Commuters in Gauteng were left stranded as taxi drivers took to the streets to protest against the non-payment of the R1.3 billion COVID-19 relief fund for drivers and the refusal for the South African National Taxi Council to be the main leadership body, amongst others. Members affiliated to the National Taxi Association marched to Transport Minister Fikile Mbalula’s office and the Presidency at the Union Buildings to submit memorandums of demands.
However, even though the NTA promised that the march would be a peaceful one and that traffic would not be disrupted, it was chaos all over the country as most main roads were blocked, bus commuters were taken off buses and in one incident, a public bus was hijacked and the female driver captured, however she was later found safe and the bus was not damaged, and in another a biker was beaten up by taxi operators as he tried to pass through the blockage.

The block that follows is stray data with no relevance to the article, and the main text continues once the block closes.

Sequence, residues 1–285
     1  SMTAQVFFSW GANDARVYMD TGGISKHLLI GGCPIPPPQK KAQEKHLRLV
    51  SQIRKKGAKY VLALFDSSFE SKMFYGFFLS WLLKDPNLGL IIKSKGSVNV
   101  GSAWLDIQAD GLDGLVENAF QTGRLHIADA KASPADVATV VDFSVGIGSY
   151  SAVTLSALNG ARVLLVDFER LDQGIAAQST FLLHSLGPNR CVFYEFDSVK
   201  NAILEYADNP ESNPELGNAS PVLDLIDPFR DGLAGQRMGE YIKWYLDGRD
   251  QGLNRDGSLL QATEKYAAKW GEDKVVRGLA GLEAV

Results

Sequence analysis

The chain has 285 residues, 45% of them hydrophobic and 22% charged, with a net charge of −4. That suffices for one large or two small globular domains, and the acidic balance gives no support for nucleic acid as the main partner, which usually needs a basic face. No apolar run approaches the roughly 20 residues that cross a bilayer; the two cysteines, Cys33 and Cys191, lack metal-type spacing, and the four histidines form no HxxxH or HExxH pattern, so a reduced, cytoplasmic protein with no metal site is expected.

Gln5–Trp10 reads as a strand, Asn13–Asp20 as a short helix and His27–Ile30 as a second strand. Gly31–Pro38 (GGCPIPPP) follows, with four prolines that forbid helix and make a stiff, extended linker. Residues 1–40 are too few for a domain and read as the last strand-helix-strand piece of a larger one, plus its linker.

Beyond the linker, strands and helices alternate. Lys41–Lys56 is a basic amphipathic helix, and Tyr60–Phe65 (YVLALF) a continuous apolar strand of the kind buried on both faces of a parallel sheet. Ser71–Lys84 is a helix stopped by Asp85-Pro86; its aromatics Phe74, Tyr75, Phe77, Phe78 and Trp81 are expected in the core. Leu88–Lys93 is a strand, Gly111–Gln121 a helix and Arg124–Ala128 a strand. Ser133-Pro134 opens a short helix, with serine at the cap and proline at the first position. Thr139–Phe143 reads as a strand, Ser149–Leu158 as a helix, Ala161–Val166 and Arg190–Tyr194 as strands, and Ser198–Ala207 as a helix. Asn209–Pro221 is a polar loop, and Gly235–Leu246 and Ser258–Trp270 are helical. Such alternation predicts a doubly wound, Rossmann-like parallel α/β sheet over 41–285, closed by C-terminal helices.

The National Taxi Association spokesperson, Theo Malele said they are concerned about the failure of the government to release the Covid-19 relief fund promised by both the minister and the state president to the association for taxi drivers and taxi operators. Malele said they handed a memorandum of demands to the Transport Minister, Fikile Mbalula in August this year and gave him until the 31st of October to respond but he has not yet responded.
A commuter, Wandile Masango tweeted: @WandileMasango2
Physically kicking us off Tshwane bus, when buses are on strike taxis operate as normal no one disrupts them kodwa bona manje
@Tshwanebus2 @MbalulaFikile #Nationaltaxistrike can we please be protected, or should we accept that taxis govern themselves
The strike also affected final exams that had to be written on the day by matric learners and university learners. The MEC of Education in Gauteng, said matric learners who were affected by the strike could be allowed to write their exams, even if they arrive an hour late, they could write their exams at any school near them and bus operators were told to transport them at no cost. Tshwane University of Technology postponed all the exams that had to be written on the day.